Whether the cause of your sleeplessness is due to everyday stressors, such as situational stress, over-thinking, anxiety, worry, restlessness or grief, Chinese herbs have been highly effective in helping hundreds of thousands of individuals reclaim their health and prevent further, more life-threatening diseases. In comparison to the Western counterparts, Traditional Chinese herbs do not cause “hangovers” that decrease work productivity or feed into the caffeinate/sedate cycle. Simply put, you have the opportunity to wake up feeling refreshed each and every morning by investing in some ancient herbal remedies.
Sunday, October 25, 2009
This past week Reuters had an article about the benefits of stress management for fertility. Research presented at a meeting of the American Society for Reproductive Medicine in Atlanta suggests that including a mind/body approach while undergoing IVF treatments increases the chances of getting pregnant. Below are some excerpts from the article.
"Alice Domar, who runs a fertility center in Boston and also works at Harvard Medical School, found that women who took part in a stress management program while having a second round of assisted fertility treatment had a 160 percent greater pregnancy rate than women getting IVF alone."
"This study shows that stress management may improve pregnancy rates, minimizing the stress of fertility management itself, improving the success rates of IVF procedures, and ultimately, helping to alleviate the emotional burden for women who are facing challenges trying to conceive."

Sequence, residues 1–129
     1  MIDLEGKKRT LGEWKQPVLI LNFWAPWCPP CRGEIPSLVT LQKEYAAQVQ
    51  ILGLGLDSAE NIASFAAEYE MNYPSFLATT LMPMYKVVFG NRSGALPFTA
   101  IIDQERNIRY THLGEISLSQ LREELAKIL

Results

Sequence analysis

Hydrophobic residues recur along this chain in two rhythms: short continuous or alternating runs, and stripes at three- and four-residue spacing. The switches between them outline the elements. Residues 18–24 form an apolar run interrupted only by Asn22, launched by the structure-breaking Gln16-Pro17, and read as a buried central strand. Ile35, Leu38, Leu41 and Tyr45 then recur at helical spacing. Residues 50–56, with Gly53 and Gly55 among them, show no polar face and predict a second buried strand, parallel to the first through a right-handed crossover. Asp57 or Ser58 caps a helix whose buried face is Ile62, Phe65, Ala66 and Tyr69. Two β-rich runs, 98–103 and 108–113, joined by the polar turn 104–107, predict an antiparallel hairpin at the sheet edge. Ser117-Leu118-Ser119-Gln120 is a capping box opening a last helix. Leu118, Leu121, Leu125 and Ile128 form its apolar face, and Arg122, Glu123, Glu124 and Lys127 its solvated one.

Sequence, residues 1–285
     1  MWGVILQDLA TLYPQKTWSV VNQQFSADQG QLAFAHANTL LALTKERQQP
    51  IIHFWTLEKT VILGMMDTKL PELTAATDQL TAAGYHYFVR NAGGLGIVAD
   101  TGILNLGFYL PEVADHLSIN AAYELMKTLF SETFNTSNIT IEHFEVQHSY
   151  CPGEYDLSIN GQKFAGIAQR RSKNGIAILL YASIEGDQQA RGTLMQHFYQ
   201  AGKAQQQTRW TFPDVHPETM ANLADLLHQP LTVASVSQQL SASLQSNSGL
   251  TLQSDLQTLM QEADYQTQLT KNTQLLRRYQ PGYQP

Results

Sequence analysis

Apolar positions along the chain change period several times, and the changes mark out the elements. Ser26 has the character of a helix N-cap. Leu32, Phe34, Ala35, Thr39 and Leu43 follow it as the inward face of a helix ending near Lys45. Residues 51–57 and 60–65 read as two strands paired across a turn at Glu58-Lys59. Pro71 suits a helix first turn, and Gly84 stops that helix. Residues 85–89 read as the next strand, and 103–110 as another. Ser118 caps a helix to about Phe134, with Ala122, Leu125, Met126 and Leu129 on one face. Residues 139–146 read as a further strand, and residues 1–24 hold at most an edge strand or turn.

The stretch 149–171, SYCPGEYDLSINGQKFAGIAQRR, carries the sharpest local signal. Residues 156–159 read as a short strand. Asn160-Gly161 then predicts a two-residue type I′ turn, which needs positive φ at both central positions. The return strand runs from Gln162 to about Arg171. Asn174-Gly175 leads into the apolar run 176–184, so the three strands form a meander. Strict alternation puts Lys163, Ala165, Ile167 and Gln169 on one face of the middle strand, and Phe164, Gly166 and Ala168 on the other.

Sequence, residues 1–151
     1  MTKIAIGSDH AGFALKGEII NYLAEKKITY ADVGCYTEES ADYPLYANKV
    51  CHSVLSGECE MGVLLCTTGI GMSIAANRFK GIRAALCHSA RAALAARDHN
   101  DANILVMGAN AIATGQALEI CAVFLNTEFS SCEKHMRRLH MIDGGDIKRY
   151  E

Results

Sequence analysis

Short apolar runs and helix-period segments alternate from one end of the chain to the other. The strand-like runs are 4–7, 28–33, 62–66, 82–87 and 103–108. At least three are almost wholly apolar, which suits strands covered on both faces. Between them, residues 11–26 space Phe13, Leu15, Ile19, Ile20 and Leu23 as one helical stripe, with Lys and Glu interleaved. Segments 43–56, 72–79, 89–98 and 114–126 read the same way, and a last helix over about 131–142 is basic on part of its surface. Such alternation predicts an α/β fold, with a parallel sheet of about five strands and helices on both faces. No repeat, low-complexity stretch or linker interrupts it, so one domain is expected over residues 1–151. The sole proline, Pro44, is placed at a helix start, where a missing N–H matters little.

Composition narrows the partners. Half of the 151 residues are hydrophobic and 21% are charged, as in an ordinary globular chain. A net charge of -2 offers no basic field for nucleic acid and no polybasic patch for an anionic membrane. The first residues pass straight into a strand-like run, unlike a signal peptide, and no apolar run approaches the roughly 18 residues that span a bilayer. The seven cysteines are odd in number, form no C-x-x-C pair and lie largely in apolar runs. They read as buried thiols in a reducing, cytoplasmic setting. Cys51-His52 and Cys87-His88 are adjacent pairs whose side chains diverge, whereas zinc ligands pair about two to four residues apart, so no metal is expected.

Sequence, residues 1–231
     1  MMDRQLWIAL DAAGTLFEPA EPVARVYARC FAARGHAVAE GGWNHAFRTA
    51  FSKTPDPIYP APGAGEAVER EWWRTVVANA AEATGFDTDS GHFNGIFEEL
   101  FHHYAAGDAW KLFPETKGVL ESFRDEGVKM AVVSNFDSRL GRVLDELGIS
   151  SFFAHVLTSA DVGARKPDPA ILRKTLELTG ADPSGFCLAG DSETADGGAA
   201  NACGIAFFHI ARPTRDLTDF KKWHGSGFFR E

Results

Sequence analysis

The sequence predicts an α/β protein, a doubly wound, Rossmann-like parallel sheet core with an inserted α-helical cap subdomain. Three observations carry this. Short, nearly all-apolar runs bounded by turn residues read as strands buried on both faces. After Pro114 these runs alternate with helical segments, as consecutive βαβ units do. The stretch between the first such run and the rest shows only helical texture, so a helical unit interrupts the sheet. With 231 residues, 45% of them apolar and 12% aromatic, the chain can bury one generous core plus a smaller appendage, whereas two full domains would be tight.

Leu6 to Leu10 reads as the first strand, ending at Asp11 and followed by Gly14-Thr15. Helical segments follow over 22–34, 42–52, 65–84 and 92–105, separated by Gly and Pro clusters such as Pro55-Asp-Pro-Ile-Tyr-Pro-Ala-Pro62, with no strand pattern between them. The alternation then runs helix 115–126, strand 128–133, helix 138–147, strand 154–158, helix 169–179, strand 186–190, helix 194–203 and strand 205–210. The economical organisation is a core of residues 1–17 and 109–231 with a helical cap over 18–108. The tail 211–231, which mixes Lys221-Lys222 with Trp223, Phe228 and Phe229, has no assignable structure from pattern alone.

"It's clear based on this carefully designed study, that a holistic approach to infertility care leads to better outcomes for patients," said Dr. R. Dale McClure, president of the American Society for Reproductive Medicine.
to read the entire article click here
Saturday, October 24, 2009
Thursday, October 22, 2009
The September, 2009 issue of the American Journal of Obstetrics & Gynecology, carried the results of a study that is of particular importance to pregnant women.
Dr. Shu-Ming Wang and colleagues from the Yale School of Medicine, used pressure needles taped to the ear acupuncture points of pregnant women and found that they experienced significant reductions in lower back and pelvic pain as compared to those who had the needles placed at three "sham" points or women in a control group who didn't get real or fake acupuncture.
Pain in the lower back and pelvis is a common complain among pregnant women and of course, they are reluctant to take medication to relieve the pain. This study confirms that acupuncture is a safe and effective treatment alternative.
A 30% or greater reduction in pain was reported by 81% of women in the acupuncture group, 59% of women in the sham acupuncture group and 47% of women in the control group. The difference between the sham and control groups wasn't statistically significant.
Improvements in function were significantly greater among women who had real acupuncture compared to those who got the fake version or received no treatment.
Wednesday, October 21, 2009
I love Halloween! It may be my favorite holiday.